For the last almost year I have been coping with anxiety. Originally I thought it was just situational stress. I was working full time at a church and still operating my content business mostly full time from home. I assumed the pace of it all had just finally taken its toll on my mind and body. (Church planting is hard y’all.) I was gaining weight (rapidly), and I had this constant feeling that all the plates I was spinning were about to come crashing down.
I decided (after much prayer and conversation with important people in my life) to transition out of my church job and go back to working from home as a full time writer. But the anxiety didn’t stop. Again, I just chalked it up to the stress of the season. We were renovating my dad’s home that was filled with mold and it was like a money pit. And in the midst of all that, he was diagnosed with a terminal illness. That would stress anyone out, right?
But even after we discovered how to live life in the new normal with him, the anxiety was there. My blood pressure would spike for no reason. I lived with constant chest pain. I woke up with my mind racing, but not about anything specific. It was like a current of electricity running through my mind and body at all times.
I wasn’t worried though, if that makes sense. I’m not actually a worrier by nature. If something is out of my control, I just accept that it is what it is and move on. (If I think I CAN fix it, however, you can bet I will sure try though, lol.)
True to my type-A googling self, I looked up my symptoms, and the powers of google suggested maybe my caffeine consumption was high. WHICH IT WAS! Could that be my problem? So I cut out almost all of my caffeine, and just to be safe, had a complete physical, including a very thorough cardiac workup. Turns out my heart was fine, my body was fine, my blood pressure was fine.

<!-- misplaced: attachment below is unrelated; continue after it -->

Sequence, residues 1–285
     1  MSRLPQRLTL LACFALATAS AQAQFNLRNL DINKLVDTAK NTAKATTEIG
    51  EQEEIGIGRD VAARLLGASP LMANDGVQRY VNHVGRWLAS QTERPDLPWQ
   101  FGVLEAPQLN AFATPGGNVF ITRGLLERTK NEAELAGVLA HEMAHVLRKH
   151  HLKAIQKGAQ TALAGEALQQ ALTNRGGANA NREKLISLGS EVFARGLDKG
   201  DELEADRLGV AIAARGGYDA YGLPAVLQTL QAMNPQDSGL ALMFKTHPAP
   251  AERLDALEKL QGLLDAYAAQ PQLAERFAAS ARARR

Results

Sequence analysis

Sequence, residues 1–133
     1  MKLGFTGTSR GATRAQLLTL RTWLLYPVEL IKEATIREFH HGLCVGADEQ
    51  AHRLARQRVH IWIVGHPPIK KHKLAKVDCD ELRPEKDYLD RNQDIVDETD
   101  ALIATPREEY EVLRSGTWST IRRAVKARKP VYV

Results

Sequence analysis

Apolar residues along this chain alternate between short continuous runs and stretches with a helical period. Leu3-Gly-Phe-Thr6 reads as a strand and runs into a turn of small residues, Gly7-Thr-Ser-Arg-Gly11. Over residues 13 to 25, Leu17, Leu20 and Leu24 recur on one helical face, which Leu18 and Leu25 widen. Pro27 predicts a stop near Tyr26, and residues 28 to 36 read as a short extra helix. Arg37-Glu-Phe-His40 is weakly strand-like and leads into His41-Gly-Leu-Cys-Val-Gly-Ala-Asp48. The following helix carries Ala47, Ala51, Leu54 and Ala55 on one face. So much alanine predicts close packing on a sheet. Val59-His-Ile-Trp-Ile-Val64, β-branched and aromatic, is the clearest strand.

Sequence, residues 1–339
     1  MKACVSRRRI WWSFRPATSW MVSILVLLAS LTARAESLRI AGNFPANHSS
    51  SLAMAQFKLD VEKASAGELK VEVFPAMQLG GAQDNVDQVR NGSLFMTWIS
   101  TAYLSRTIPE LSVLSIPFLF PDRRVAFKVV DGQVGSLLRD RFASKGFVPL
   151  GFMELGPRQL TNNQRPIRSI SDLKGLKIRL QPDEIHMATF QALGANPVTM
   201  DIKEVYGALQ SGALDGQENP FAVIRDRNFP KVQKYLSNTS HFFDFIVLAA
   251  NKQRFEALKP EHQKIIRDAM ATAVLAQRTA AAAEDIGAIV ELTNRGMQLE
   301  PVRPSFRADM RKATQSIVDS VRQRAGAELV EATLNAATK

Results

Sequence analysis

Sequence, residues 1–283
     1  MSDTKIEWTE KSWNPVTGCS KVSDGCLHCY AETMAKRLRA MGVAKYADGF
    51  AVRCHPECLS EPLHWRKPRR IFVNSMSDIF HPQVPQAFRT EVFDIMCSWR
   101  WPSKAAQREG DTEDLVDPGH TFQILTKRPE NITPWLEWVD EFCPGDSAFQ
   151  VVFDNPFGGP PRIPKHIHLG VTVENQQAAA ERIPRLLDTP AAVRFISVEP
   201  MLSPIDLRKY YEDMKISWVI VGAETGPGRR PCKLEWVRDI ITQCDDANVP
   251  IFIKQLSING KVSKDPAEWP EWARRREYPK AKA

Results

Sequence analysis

My mind, however, was not okay.
Though I am writing this in the past tense, I am still struggling with anxiety. I feel a sense of unrest. Constant unrest.
Anxiety disorders run in my family, so I understand how out-of-balance brain chemicals and past trauma can affect us. Hear me say that if you struggle with anxiety or any other mental illness, I get that it’s physical and real. I also believe that we are spiritual beings in a physical body living in a physical world. There is a constant battle between those things, the spiritual and the physical.
For me, I have been feeling as though my soul is off balance in some way.
As I was sitting in church a few weeks ago, one of our pastors said, “Is anxiety holding a place in your spirit that belongs to God?”
I wanted to scream, “YES. IT IS.”
Since that Sunday, whenever I feel anxious I say, “The place being held by this anxiety belongs to God.” In the moment, it settles me because I believe there is power in spoken truth.
This morning I sat down with my Bible to pray for a friend and as soon as I touched the Word, I felt this immediate peace course through my veins, much in the same way anxiety has felt. I sat silently for a few minutes just drawing comfort there.
Then I opened it to the book of Luke and I read, “… it seemed fitting for me as well, having investigated everything carefully from the beginning, to write it out for you in consecutive order, so you may know the exact truth …” Just as there is power in the spoken truth, there is power in the written truth. So today I am writing it down.
I don’t want anxiety to be a part of my daily life. I want the peace of God. In the physical and spiritual realm, those things are at odds with each other. I can’t think my way out of anxiety. I can’t rationalize it and make it better. But I can draw comfort from allowing the spirit of God to fill my soul and my mind, revealing truth to me, and leading me to the peace I need.
So I say to you today, if anxiety is holding a place in your spirit that belongs to God, begin to speak truth over yourself. Allow His spirit and that truth to replace the anxiety.